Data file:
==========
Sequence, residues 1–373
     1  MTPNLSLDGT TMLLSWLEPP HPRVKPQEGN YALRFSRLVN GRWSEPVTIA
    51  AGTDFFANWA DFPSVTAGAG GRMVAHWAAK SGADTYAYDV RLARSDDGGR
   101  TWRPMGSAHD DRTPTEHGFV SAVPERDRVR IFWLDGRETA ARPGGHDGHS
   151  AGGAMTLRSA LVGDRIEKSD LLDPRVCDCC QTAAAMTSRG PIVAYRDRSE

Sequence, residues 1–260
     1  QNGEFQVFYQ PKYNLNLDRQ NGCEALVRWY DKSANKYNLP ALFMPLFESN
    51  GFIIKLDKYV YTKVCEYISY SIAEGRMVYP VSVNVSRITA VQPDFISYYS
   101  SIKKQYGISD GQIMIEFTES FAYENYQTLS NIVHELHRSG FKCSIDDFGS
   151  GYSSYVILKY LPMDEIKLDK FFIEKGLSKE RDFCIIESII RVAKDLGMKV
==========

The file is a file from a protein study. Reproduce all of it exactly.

Sequence, residues 1–373
     1  MTPNLSLDGT TMLLSWLEPP HPRVKPQEGN YALRFSRLVN GRWSEPVTIA
    51  AGTDFFANWA DFPSVTAGAG GRMVAHWAAK SGADTYAYDV RLARSDDGGR
   101  TWRPMGSAHD DRTPTEHGFV SAVPERDRVR IFWLDGRETA ARPGGHDGHS
   151  AGGAMTLRSA LVGDRIEKSD LLDPRVCDCC QTAAAMTSRG PIVAYRDRSE

Sequence, residues 1–260
     1  QNGEFQVFYQ PKYNLNLDRQ NGCEALVRWY DKSANKYNLP ALFMPLFESN
    51  GFIIKLDKYV YTKVCEYISY SIAEGRMVYP VSVNVSRITA VQPDFISYYS
   101  SIKKQYGISD GQIMIEFTES FAYENYQTLS NIVHELHRSG FKCSIDDFGS
   151  GYSSYVILKY LPMDEIKLDK FFIEKGLSKE RDFCIIESII RVAKDLGMKV